"Renunciation is not giving up the things of this world; it's accepting that they go away."
I used to pride myself on being unattached to things. I liked to say that I could fit all my possessions into my car, and that's the way I liked it. I couldn't imagine that motherhood would change me into a thing collector, hanging onto ancient pacifiers and faded locks of hair. My humbling proceeded swiftly, when the day came that I had to admit, really admit, that my daughter had outgrown her first wardrobe—the truly tiny, surely no one is this small, hats and shoes, shirts and pants, dresses and pajamas. “We have to keep this one,” I said to my husband, clutching the giraffe sleeper I had put her in at the hospital. I felt tears welling up in my eyes. I felt almost sick. I couldn’t remember which of the white hospital shirts was the first one she had ever worn and I wanted to know because I wanted to keep that one.
As it turned out, I wanted to keep almost everything. I felt my attachment like a hot hand clutching the core of my being—the very same attachment that Jesus, the Buddha, Patanjali, and myriad other enlightened masters have clearly pegged as the source of all human suffering. Clinging to the material world creates pain because whatever you are clinging to will absolutely, positively, no two ways about it, change. Disappear. Transform into something different. Become obsolete. Case in point: the teeny tiny giraffe sleeper bag. And of course, it wasn’t the clothes I couldn’t bear to let go. What I couldn’t bear to let go was already irretrievably gone.
When you hold something beautiful and sublime in your hungry hands--your baby, your lover, a moment, a phase--you want to hold onto it forever. It's human nature. And yet, letting go, over and over and over again, is the only sane response. Being a mother seems to be all about this paradox, of needing to hold on and contain and attach profoundly to our children--that's the job--followed by the necessity of letting go, with some measure of confidence, but absolutely no guarantees--that's also the job. We have to do both. We have to embody, daily, these opposite impulses. It's not easy. This is why there's so much weeping at graduations and weddings and the first day of Kindergarten--the sadness of what is passing and the joy of what is coming to be arise simultaneously in equal and opposite measure and the next thing you know, your mascara is running down your face and your kids are embarrassed.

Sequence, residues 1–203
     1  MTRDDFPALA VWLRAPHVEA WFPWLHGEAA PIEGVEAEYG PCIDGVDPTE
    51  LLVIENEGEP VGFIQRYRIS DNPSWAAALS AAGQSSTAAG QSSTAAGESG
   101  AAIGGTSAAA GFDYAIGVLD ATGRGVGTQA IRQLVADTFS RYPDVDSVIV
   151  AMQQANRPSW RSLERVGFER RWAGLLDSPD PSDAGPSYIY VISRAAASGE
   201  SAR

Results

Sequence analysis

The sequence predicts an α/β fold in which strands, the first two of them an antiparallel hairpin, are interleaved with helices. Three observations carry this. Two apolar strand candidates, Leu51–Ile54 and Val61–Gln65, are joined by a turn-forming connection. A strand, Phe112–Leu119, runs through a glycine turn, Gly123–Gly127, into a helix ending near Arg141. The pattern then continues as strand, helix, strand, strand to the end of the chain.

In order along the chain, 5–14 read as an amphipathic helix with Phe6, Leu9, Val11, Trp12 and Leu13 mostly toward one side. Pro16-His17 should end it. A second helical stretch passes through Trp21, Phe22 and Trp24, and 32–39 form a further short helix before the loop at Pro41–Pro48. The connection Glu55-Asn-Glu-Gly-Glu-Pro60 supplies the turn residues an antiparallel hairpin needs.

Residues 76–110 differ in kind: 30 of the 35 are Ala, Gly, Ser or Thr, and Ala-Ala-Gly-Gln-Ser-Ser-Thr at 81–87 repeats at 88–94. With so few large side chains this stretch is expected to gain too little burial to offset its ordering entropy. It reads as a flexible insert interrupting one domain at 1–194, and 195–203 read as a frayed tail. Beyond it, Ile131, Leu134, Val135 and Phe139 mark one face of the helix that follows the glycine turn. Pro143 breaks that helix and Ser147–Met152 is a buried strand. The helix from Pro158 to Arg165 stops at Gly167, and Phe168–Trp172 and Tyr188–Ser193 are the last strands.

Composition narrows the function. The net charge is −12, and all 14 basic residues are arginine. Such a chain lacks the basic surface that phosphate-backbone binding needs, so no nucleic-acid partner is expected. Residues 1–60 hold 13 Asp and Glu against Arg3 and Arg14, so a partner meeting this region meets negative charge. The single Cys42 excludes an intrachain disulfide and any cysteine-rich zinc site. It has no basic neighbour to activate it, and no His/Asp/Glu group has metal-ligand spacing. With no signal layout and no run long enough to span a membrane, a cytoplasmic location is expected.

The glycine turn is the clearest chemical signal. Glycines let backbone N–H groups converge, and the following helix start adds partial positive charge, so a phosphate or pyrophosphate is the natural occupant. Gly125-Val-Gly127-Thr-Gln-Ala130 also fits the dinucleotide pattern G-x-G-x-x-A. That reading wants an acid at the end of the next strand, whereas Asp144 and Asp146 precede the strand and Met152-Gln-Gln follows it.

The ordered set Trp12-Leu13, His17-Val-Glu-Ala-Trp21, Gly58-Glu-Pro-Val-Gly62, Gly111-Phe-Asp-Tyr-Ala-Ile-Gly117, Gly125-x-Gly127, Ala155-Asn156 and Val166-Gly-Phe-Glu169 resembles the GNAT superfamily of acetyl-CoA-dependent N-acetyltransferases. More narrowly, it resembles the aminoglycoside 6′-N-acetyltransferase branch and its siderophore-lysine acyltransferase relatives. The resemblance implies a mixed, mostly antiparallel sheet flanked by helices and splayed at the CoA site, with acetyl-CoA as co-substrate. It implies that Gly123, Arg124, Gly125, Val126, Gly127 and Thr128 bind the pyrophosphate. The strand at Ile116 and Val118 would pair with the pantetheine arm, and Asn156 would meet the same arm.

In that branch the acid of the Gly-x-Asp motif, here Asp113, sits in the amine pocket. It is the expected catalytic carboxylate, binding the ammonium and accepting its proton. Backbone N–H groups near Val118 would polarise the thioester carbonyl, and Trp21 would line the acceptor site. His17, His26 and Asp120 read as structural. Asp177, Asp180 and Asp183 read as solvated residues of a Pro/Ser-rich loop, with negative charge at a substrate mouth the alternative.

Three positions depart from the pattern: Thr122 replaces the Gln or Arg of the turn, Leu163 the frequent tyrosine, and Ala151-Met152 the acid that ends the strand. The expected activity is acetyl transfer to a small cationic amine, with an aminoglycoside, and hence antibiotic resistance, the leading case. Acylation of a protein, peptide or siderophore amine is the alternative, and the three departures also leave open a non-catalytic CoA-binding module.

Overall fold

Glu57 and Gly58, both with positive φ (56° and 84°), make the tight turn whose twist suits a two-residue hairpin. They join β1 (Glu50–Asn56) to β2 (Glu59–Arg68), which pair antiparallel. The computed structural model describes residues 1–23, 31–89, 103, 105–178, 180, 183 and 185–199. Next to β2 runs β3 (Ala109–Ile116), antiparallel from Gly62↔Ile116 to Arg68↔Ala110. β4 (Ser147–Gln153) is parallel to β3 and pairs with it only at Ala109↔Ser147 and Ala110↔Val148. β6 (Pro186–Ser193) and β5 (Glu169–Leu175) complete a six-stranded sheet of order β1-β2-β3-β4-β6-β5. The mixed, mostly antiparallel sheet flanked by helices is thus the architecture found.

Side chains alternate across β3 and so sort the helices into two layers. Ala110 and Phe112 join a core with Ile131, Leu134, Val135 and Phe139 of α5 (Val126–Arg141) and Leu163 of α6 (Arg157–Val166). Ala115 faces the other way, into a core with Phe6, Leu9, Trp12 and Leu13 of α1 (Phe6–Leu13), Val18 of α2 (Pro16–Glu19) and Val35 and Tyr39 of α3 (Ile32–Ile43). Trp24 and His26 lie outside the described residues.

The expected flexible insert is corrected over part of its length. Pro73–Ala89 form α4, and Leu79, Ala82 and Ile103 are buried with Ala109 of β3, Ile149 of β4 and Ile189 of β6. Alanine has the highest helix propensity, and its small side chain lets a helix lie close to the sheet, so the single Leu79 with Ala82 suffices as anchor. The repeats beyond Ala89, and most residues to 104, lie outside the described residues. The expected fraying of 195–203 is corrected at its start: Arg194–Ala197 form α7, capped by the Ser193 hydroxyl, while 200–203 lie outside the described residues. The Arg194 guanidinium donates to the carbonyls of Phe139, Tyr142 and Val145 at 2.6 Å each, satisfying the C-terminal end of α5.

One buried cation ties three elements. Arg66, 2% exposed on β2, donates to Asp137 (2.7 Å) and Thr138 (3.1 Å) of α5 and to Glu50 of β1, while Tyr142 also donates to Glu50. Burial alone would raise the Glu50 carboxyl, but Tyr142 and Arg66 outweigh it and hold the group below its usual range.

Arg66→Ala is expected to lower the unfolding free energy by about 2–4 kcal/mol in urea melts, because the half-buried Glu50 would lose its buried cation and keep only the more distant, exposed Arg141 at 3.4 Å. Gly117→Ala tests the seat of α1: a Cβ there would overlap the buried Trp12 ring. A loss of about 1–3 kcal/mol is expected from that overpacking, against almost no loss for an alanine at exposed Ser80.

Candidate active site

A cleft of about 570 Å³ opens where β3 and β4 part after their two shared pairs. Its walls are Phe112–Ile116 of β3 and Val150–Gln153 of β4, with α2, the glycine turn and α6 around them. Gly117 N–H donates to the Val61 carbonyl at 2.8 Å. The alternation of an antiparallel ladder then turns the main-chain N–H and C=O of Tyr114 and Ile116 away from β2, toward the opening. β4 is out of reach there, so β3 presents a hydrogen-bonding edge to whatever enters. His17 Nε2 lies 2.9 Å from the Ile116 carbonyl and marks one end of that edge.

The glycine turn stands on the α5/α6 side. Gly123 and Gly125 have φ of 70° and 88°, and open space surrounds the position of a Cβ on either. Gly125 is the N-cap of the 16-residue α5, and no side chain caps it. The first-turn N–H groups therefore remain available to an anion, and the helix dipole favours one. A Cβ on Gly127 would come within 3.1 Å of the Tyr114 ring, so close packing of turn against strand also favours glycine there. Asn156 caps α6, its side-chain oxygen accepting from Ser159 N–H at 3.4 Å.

In the end, I kept two tiny hats and a pair of shoes, and you can pry them from my cold, dead fingers when I finally give up the ghost. They are symbols of the ego softening truth of impermanence and my own human frailty. And, I can fit them in my car, in my glove compartment, even. I'm still like, totally Zen, right?